When is the last time you thought about soil? And yet without soils, you could not exist. Without soils there is no terrestrial life. Soils surround you. Soils sustain you. They support your home, filter your water and air, feed the plants you eat, regulate the climate within which you live. Soils are omnipresent, and yet modernisation has made soils increasingly invisible and unnoticed. But things are changing. The invisible infrastructure of soils which sustains all terrestrial life is endangered, breaking, and indeed already broken in different parts of the world, and across the globe. Spectacular events such as flooding, landslides, dust-storms, desertification, erosion, or even algal blooms bring soils back into our awareness. As a result, soils are increasingly spoken about in terms of crisis: as a disappearing and endangered resource which we must urgently protect. IFAO’s proclamation of 2015 as the International Year of Soils is emblematic of this change. However, the proliferating calls for action open up more questions than they answer. Soils are an area of contestation – in terms of scientific knowledge, and in terms of land politics. The questions of what soils are, how are they to be managed, by whom, and in whose interest, are central, inter-connected, and only starting to be tackled. These kinds of questions also call for inter-disciplinary collaborations, as challenges of soil management demand both scientific and social scientific tools, knowledges, and sensitivities. Key emerging questions, such as what is soil health? can only be answered in relation to our societal expectations about what soils are used for. Inter-disciplinary and cross-disciplinary dialogue must therefore be fostered with the same sense of urgency.
The workshop held at the Department of Geography at the end of June – ‘Rediscovering soils: knowledge and care in the world of soil’ – was a starting point for the emerging inter-disciplinary dialogue and scholarship around soil challenges. Hosted by Dr Anna Krzywoszynska, with co-organisers Dr Greta Marchesi from Dartmouth College, USA, and Dr Puig de la Bellacasa from Leicester University, the workshop was a vibrant space in which talk never stopped. The workshop was made possible by the funding from the Grantham Centre for Sustainable Futures and the Department of Geography, and it is a testament to the growing importance of inter-disciplinary scholarship at the University of Sheffield.
The workshop uniquely brought together scholars studying soils from social science, arts and humanities, and natural science perspectives, and created a vibrant environment for cross-learning and collaboration. The hands-on soil analysis exercise which started the workshop was an opportunity to note the very real significance of seemingly conceptual questions, such as where soils begin and end, and what constitutes appropriate soil use. It also uncovered the industrial origins of the anthropogenic soil of The University of Sheffield’s grounds! Over three days three keynote speakers and fourteen presenters engaged with soil challenges from a variety of disciplines without prioritising any one perspective, and with an unprecedented intellectual curiosity and generosity.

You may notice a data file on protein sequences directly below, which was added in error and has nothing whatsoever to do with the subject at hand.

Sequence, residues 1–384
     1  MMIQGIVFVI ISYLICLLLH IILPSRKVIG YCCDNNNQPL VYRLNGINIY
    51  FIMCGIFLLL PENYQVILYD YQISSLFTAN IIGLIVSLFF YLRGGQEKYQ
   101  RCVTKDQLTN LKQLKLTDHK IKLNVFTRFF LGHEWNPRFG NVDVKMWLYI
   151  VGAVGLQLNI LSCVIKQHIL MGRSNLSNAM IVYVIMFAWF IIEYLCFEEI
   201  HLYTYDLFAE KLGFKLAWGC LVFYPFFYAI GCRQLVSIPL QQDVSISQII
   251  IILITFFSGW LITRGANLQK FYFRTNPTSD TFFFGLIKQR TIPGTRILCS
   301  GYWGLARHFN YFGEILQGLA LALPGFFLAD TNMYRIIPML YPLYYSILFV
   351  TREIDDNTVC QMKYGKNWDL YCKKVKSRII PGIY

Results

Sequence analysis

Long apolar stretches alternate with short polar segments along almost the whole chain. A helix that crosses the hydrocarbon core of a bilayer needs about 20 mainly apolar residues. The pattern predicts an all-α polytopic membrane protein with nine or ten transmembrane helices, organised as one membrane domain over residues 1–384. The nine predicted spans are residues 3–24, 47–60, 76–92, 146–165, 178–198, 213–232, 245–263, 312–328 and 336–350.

You can find the full list of presenters, and soon presentation videos, on the workshop website: soilcarenetwork.com/agenda
Over fifty scholars, from Masters students to Professors, and from across the world from Australia to California (with a strong University of Sheffield presence) participated in the workshop activities. The facilitated debate space engaged participants and presenters with key questions pertaining to soil care, and made possible further discussion across disciplinary boundaries. The enthusiasm and involvement of all participants was overwhelming, and many expressed a hope that this event can be extended and repeated in the future.
Importantly, this successful workshop is a seed for an emerging inter-disciplinary scholarly community, the Soil Care Network, convened by Dr Anna Krzywoszynska. The aims of the network are fostering inter-disciplinary soil scholarship, and it welcomes new members.
Please see www.soilcarenetwork.com.
A very intelligent workshop, both in content and in organisation. Prof. Bruno Latour, Sciences Po, France.
I learned a great deal from everyone at the conference. its great to realize what exciting things are happening just next door! Dr. Kamni Gill, University of Sheffield, UK.
Thank you for a most enjoyable, informative and at times challenging couple of days in Sheffield! Prof. Stephen Nortcliff, University of Reading, UK.
The “Rediscovering Soils” workshop was incredibly instructive and provocative! The organizers recruited a complementary group of attendees and facilitated an exemplary interdisciplinary gathering – which is no easy task. Dr. Levi van Sant, Georgia Southern University, USA.
This is one of the best workshops I have ever attended. Dr. Salvatore Engel di Mauro, The State University of New York, USA.
I wish to thank you for the wonderful opportunity that you have given me through accepting me to be a part of the workshop. (…) It has helped me understand, question, clarify and look forward to continue working on concepts I had long pondered on around the matter. Amartya Deb, University of Sheffield, UK.
It was one of the best workshops I have ever been to, definitely worth the trip. Dr. Sebastian Ureta, Universidad Alberto Hurtado, Chile.